We can also identify significant misnomers by reading the eleventh and twelfth Schedules. For instance, the term "fisheries" is used lucidly in item 5 of the eleventh Schedule. Anything might exist, including commercial fishing, artisanal fishing, fish farming, etc. What’s more remarkable is that the subject of urban Local Governments, which is related to fisheries, is entirely absent from the twelfth Schedule. This is an inaccurate portrayal of reality. Several major urban Local Governments are located in the coastal regions along the east and west coasts of the country. It is true that urbanization has usurped fishing villages and displaced several fishing communities. But fishing and associated activities thrive within the jurisdiction of urban Local Governments, whether it is along the East or West coasts. The entire stretch of Goa is along the West coastline. Thirteen wards of Thiruvananthapuram Corporation of Kerala are coastal wards with active fishermen venturing on traditional and motorised fishing crafts (Rajan, 2010). Due to urbanisation, more and more rural Local Governments are being upgraded to the status of urban Local Governments all over the country. This applies to the coastal regions also, but fishing communities continue their livelihood through fishing irrespective of the newly bestowed urban governance status. Not only direct fishing but also associated activities and fish markets provide livelihood to large populations including women in coastal regions under the urban Local Governments. Excluding fisheries from the twelfth schedule is depriving financial, educational, health and other welfare supports to fishing communities, their families and those associated with fisheries. Taking into account this reality, twelfth Schedule should incorporate fishing and related activities as a subject.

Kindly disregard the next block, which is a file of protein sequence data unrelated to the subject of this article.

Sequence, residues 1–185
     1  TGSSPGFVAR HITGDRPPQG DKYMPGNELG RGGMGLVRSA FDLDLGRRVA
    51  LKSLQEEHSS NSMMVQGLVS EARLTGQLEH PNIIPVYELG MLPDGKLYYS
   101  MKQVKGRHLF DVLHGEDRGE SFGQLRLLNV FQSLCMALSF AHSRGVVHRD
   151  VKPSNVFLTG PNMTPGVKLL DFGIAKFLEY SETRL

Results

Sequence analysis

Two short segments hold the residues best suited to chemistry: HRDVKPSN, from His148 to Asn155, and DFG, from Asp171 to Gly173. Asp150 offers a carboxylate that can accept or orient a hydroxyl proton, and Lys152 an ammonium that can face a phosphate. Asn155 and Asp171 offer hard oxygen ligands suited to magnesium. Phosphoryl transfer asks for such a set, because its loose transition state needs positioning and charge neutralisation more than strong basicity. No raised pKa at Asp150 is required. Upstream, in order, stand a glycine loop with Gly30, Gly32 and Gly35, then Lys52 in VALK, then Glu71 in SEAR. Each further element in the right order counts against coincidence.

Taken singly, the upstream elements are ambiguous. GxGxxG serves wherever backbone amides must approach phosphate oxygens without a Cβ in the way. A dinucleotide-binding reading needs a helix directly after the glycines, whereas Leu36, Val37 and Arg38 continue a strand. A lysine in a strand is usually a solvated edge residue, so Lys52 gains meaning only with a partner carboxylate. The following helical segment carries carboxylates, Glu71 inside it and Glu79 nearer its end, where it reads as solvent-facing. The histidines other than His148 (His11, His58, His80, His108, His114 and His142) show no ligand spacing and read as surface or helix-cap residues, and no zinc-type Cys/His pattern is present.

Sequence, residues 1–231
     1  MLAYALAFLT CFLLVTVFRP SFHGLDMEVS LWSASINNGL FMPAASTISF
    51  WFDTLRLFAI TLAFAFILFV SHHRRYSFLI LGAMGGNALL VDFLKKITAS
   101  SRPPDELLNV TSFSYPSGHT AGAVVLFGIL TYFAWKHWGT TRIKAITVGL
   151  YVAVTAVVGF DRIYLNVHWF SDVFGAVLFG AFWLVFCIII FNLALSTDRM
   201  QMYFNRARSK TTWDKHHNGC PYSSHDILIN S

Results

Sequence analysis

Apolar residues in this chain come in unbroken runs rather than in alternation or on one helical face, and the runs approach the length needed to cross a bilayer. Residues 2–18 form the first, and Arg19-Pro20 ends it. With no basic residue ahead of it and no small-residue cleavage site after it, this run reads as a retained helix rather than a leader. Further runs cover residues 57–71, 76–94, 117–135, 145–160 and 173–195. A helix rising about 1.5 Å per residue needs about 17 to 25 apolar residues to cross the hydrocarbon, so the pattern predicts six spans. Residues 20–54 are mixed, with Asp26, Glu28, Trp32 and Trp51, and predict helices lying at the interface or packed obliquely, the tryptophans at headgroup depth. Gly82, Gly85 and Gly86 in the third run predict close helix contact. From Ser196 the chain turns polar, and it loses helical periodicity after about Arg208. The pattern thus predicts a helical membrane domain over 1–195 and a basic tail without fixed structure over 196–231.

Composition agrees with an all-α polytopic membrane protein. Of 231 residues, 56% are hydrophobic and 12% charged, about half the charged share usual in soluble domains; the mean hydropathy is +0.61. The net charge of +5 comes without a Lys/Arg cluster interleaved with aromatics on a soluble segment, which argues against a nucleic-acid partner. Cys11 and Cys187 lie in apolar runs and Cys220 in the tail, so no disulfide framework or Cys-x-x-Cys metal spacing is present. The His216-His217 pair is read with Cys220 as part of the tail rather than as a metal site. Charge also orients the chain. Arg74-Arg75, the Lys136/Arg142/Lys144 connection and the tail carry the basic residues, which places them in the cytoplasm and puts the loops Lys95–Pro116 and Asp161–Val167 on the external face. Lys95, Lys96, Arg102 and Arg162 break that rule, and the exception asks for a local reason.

Span of Management

According to the span of management principle, there is a limit to the maximum number of persons that can be managed efficiently. Being the government closer to its people, a constituency of the Gram Panchayat should have ideal size for efficient management. As mentioned in the Round Table Conference (2004), “A strong system of Gram Sabha is the indispensable foundation of good governance through Panchayati Raj”. (MoPR, 2004). The effective interface of Gram Sabha members - adult population – depends on the ideal size of its constituency. In the Grama Sabha, people assemble to freely express individual needs, grievances as well as the well-being of the community. The size of Gram Sabha constituency is significant because people need time to express themselves and also to debate on solutions. This is unlike the Parliament or Legislative Assembly where members get allotted time to debate and vote on Bills. The size of Gram Sabha constituency in terms of population also varies from State to State. Though it is a State subject to decide the ideal size of the Gram Panchayat and Gram Sabha, the MoPR may facilitate with the States for the optimum manageable size; in such a way that has been done in the case of GPDP.